Tight Muscles & Stiff Joints

Posted in Spinal Hygiene at 2:13 PM by Dr. Greathouse

Science of  Flexibility (Alter) 1988

In patient care I’m often asked, “what’s causing the problem”? Back and neck problems are rarely the result of a single factor but rather multiple factors over time. Below is an explanation of how problems might develop.

What Makes Muscles Tight?

Science of  Flexibility (Alter) 1988 (page 5 — 6)

Prolonged muscular tension result in several negative effects.

  • Excessive muscular tension tends to decrease sensory awareness.
  • It also wastes energy; a contracting muscle requires more energy than a relaxed muscle, thus fatigues quicker with normal use.
  • Habitually tense muscles cut off  circulation, reducing blood supply resulting in lack of oxygen, essential nutrients and causes toxic waste products to accumulate in the cells. A source of discomfort and fatigue.
  • This process predisposes one to fatigue, aches, even pain.
  • When a muscle stays partially contracted, an abnormal state of shortening called contracture develops.  Contracture and chronic muscle tension not only shorten the muscle, but also make the muscle less supple, weaker, and unable to take the shock and stress of various types of movement.

Common activities of daily living that contribute to this process are; prolonged sitting, standing and poor sleep or recumbent positions.

Muscle contraction limits joint mobility.

Effects of Immobilization on Connective Tissue

Science of  Flexibility (Alter) 1988 (Page 54 – 55)

When joints are immobilized for a length of time, the connective tissue elements of the capsules, ligaments, tendons, muscles, and fascia lose their extensibility / flexibility.  Connective tissues will come in contact with each other and eventually stick, thereby encouraging the formation of abnormal cross-linking (adhesions). The joints become stiffer.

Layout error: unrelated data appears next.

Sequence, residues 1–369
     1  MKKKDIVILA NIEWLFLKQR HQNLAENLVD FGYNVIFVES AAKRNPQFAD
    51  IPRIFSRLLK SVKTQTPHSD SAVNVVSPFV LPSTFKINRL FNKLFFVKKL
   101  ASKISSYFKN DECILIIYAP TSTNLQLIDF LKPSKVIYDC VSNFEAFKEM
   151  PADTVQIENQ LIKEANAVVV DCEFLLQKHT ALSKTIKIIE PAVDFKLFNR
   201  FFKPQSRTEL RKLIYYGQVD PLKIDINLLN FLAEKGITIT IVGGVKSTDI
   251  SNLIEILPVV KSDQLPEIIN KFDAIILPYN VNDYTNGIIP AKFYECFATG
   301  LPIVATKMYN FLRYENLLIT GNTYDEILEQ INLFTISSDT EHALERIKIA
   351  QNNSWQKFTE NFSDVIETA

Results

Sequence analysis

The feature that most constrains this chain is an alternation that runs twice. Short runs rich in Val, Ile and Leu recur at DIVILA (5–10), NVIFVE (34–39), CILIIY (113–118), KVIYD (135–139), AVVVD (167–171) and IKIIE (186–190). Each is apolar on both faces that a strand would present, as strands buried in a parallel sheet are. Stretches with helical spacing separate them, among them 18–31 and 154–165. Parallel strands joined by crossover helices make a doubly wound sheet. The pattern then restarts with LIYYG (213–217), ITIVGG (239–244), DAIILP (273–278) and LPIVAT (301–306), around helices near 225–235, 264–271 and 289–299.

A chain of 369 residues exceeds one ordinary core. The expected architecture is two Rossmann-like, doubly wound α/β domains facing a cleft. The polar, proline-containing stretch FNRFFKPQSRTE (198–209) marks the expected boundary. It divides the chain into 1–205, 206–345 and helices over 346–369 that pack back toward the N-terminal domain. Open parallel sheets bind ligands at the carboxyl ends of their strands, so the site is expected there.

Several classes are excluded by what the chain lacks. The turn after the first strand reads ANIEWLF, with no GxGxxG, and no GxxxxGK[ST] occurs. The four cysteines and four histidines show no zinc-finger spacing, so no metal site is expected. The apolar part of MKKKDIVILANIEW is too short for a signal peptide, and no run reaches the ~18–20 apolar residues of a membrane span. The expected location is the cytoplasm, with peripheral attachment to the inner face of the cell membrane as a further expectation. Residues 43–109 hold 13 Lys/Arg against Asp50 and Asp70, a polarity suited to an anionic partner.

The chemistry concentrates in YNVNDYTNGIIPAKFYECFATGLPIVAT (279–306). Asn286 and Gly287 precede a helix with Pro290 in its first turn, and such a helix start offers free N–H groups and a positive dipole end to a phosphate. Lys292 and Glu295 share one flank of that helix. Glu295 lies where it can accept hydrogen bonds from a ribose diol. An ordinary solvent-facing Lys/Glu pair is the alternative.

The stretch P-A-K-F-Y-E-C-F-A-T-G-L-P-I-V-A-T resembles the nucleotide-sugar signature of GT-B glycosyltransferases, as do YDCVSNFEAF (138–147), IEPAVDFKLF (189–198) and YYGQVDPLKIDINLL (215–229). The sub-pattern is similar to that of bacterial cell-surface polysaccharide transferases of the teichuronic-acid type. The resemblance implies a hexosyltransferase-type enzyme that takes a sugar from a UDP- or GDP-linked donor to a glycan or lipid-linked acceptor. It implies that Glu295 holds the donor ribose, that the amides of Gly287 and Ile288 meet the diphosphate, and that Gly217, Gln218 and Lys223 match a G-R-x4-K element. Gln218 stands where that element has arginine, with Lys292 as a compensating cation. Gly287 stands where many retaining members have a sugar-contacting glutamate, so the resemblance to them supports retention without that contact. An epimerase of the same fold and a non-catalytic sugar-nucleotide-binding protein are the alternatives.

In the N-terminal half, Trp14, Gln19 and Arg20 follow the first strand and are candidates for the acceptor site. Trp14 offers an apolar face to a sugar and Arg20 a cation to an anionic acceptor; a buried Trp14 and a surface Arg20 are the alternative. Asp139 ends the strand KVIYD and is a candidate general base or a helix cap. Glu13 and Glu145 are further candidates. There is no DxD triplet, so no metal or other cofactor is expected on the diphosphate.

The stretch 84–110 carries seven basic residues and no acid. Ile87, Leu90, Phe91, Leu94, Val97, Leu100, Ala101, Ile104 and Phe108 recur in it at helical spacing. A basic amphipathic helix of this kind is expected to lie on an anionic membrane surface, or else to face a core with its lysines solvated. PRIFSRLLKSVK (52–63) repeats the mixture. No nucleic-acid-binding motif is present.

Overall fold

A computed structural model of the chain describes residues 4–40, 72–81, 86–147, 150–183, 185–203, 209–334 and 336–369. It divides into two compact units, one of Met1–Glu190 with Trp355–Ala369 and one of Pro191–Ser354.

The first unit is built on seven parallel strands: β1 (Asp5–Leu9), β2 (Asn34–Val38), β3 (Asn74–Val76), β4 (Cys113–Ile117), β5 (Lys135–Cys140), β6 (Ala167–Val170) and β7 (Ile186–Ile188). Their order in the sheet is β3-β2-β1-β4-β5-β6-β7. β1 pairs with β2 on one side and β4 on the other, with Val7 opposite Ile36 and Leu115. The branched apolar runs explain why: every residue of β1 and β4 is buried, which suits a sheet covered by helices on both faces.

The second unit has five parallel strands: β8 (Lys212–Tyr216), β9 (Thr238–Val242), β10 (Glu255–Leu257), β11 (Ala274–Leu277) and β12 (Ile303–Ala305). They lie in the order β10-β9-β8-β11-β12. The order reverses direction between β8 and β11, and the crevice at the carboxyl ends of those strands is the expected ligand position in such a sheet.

Based on the above simple concepts you might better understand some of the mechanisms involved with back and neck pain. Tight muscles and stiff joints produce aches and pains as well as predisposing one to injury with increased use or even normal use in many instances.

You should not only understand these effects, but also where tension comes from, and some of the additional implications of muscle contracture.  Muscle contracture is not “muscle spasm”, and is called by other similar names such as muscle over-activity, muscle hypertonicity or hypertonic muscles, trigger points etc.

Muscles become tense for many reasons, probably the most common reasons are poor posture and emotional stress.  Sitting, standing and even lying with poor posture places tension or load on muscles.  When a muscle is loaded, it naturally resists the load by contracting just enough to overcome the demand.  Over time, no matter how seemingly insignificant, the effects of tension (load), as described above, come into play.  Eventually, the contracture or overactive response becomes learned behavior and the muscle stays contracted, even when the load is removed.

Muscles are our movement organs and therefore effect joints.  Without joints and muscles there’s no movement.  The joints & muscles communicate neurologically.  A tight muscle adversely affects joint mobility by restricting movement and causing off axis movement.

The partially immobilized joint and surrounding connective tissues adapt to this hypomobile state.

As indicated above, immobilized tissues lose extensibility.  The dense connective tissues ligaments, joint capsules etc. shorten.  This creates adaptive joint stiffness or what is commonly called articular (joint) dysfunction. Articular dysfunction not only harms the joint but also adversely affects the muscle as well.

Ironically, the neurologic sensors in the joints called mechanoreceptors can reflexively react to the stiffness and aberrant movement by signaling the muscles to respond or contract, thus further perpetuating the problem.

As you can imagine, in this state, the joints and muscles are very susceptible to injury.  Back and neck problems are very common and this process is probably a major contributing factor.  By the time you seek care for a problem, in many instances, this process has probably already established itself.  Many, if not most, patients experience strains and sprains of the back or neck because of pre-existing tight muscles and joints.  Just the right movement, twist or even prolonged positioning places a demand tissues that  have lower tolerance levels, thus injury or damage occurs.

The second component to this issue is the additional poor adaptation to injury with post trauma muscle spasm and scar tissue formation.

Manage the problem with joint mobilization, massage and exercise.

Prevent recurrent problems with good posture, frequent breaks, stress management and exercise.

Dr. James E. Greathouse Jr.

Chiropractic Physician

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